Robles, Mero: Immigrant accountability bill recognizes reality
With more than 100,000 undocumented immigrants living in Utah, how should the Legislature respond? Until Nov. 30, the only public proposal was an impractical, arguably unconstitutional, catch-and-release bill by Rep. Stephen Sandstrom, R-Orem, mimicking Arizona's heavy-handed and fiscally irresponsible law. But Utah is not Arizona.
A realistic alternative, a truly Utah solution reflecting the popular Utah Compact, is now before the state Legislature. The Utah Pilot Accountability Permit Program, otherwise known as the immigrant accountability bill, protects public safety, defends our precious freedoms and responsibly promotes economic prosperity.
The accountability bill, though comprehensive, is remarkably simple to understand: It would hold Utah's undocumented immigrants to a high standard of accountability.
Because Utah has no power or authority to deport undocumented immigrants, needlessly punitive actions against them would only drive them further underground, making an already difficult public safety situation even worse. The accountability bill is a comprehensive effort to bring them to the surface of Utah society, where they would be known and fully integrated into our communities. If undocumented immigrants choose to live among us, we can expect them to be accountable, as we are.
Such a culture of accountability would put to rest any reasonable concerns about Utah ever becoming a "magnet state."
The shadows of society would begin to recede as more people of good will stepped into the light. Real criminals feeding on Utah's undocumented immigrant community would grow increasingly exposed to state and local law enforcement. Utah would become the last state real criminals would want to enter.
The accountability bill would require all undocumented immigrants in Utah to apply for and carry a new accountability card in order to live, work and raise their families among us.
The application process is reasonable and rigorous. It includes a substantial fee, a criminal background check run through the Department of Homeland Security and a demonstration of proficiency in English and American civics (classes paid for by the applicant, not taxpayers).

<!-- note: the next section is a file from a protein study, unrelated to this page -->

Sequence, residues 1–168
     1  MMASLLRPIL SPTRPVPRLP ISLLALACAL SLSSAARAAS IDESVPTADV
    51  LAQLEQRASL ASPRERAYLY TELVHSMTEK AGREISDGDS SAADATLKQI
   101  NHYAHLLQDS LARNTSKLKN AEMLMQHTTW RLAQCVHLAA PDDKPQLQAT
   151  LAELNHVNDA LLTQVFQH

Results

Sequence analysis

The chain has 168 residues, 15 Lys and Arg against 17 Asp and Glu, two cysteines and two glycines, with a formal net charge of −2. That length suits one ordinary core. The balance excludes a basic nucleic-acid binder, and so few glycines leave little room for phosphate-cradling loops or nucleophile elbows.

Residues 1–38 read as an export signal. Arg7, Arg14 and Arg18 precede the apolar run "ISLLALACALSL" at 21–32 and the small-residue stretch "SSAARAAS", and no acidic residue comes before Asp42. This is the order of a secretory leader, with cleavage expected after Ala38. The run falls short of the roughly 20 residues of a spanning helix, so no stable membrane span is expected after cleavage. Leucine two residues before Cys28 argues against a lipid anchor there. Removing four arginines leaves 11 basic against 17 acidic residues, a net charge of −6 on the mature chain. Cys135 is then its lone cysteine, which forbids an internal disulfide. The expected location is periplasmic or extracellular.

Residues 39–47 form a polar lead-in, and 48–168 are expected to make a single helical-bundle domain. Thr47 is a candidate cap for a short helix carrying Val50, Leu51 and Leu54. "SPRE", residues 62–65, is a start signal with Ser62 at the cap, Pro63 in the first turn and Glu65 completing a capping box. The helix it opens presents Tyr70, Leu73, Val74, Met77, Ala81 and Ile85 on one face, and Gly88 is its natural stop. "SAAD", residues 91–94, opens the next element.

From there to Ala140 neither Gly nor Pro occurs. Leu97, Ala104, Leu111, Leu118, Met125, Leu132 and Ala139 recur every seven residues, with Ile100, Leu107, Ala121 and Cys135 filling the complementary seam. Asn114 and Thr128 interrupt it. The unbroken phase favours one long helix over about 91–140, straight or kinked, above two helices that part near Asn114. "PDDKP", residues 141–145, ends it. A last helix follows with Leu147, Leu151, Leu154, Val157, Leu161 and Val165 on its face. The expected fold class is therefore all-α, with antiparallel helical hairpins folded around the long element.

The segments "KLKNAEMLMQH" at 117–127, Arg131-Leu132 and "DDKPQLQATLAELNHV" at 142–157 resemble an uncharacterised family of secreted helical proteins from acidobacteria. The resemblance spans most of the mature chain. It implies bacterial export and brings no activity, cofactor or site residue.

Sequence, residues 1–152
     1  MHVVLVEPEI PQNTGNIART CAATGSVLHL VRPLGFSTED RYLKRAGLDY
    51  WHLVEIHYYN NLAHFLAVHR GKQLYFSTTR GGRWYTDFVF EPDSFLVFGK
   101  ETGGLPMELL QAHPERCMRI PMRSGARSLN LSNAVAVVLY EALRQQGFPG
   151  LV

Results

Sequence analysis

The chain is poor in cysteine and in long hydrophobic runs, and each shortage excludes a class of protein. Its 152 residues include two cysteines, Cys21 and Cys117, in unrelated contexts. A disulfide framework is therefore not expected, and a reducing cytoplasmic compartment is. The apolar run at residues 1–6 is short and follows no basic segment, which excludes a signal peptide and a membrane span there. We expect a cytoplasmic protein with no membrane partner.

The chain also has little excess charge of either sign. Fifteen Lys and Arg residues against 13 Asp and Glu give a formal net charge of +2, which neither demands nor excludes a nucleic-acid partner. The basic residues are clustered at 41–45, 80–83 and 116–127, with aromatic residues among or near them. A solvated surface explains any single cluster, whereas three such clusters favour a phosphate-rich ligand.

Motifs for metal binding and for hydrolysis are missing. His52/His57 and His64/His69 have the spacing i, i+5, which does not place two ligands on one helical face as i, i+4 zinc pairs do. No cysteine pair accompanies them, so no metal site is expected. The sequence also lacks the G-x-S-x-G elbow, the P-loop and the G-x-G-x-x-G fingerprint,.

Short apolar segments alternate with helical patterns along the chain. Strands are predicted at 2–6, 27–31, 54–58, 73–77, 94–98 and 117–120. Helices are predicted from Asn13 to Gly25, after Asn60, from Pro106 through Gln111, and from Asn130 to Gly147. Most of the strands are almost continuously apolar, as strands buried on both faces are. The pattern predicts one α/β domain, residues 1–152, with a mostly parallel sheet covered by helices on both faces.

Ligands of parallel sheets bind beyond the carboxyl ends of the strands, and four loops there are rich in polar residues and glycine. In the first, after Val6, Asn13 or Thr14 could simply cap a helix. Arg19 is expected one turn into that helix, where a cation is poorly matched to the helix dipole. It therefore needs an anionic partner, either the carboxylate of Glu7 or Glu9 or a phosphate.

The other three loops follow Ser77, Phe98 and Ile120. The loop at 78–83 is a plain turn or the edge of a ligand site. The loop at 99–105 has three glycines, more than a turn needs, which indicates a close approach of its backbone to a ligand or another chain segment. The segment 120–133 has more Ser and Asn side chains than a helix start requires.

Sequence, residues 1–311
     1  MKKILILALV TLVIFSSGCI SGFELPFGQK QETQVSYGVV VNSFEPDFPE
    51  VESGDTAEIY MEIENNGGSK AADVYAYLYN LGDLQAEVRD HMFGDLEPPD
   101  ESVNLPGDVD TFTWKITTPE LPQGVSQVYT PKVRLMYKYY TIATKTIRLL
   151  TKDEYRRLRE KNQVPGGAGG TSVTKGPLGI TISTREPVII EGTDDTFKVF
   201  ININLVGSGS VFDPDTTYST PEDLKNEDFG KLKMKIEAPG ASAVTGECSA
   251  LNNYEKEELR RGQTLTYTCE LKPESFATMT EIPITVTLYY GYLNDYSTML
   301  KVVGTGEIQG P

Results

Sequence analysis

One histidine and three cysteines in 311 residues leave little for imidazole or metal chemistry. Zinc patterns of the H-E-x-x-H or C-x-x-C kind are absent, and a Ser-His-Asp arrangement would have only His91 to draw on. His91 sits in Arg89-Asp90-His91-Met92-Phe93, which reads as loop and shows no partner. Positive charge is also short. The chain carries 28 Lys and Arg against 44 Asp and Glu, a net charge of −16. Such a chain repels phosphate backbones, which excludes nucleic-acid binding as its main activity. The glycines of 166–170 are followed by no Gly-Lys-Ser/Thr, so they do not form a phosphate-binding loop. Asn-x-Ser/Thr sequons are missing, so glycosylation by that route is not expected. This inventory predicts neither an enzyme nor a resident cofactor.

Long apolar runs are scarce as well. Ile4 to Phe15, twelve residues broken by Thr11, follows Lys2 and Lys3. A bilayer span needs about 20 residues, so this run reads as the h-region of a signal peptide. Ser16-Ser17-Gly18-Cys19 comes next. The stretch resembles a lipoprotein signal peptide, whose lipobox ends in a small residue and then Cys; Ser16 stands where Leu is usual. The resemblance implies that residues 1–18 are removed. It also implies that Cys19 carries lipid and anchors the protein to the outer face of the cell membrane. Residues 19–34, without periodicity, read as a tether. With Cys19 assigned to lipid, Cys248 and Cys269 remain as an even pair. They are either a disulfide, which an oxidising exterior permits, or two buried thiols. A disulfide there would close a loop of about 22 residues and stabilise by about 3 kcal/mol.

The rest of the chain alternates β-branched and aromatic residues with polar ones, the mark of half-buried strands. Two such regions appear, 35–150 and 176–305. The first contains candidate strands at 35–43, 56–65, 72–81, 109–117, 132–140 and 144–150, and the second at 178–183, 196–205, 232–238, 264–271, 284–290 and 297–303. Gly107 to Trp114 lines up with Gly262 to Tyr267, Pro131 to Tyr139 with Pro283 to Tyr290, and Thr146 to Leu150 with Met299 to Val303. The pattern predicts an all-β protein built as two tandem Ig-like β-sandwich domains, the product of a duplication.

The accountability bill does not give undocumented immigrants any benefits other than the ability to safely and productively live among us. That is not "amnesty." It is simple prudence. Only the federal government can grant citizenship.
The accountability card does not do that, nor is it a "pathway to citizenship."
The accountability card is recognition of the reality that undocumented immigrants live among us and an indication, on their part, that they want to do so peacefully and productively.
Undocumented immigrants who have lived in Utah at least 18 months would be required to apply for a Type A card, which must be renewed every two years. Those who have lived here less than 18 months and can prove current employment would be required to apply for a non-renewable, temporary Type B card, which would expire after 18 months.
Upon the expiration date, Type B card holders would then be required to apply for a Type A card or leave the state and have their contact information turned over to federal authorities.
Again, while Utah does not have the power or authority to deport undocumented immigrants, we do have a 10th Amendment right to protect our public safety and require anyone living in Utah to live by our laws and embrace our culture.
As we approach another legislative session in January, political mudslinging, stereotyping, sweeping generalities, cynicism and rancor from both sides will descend on this reasonable proposal.
We call on every responsible citizen to read the accountability bill. Judge for yourself the wisdom and merits of its policy. If you have constructive suggestions for improving the bill, we welcome your input.
Luz Robles is a Utah state senator, and Paul T. Mero is president of Sutherland Institute.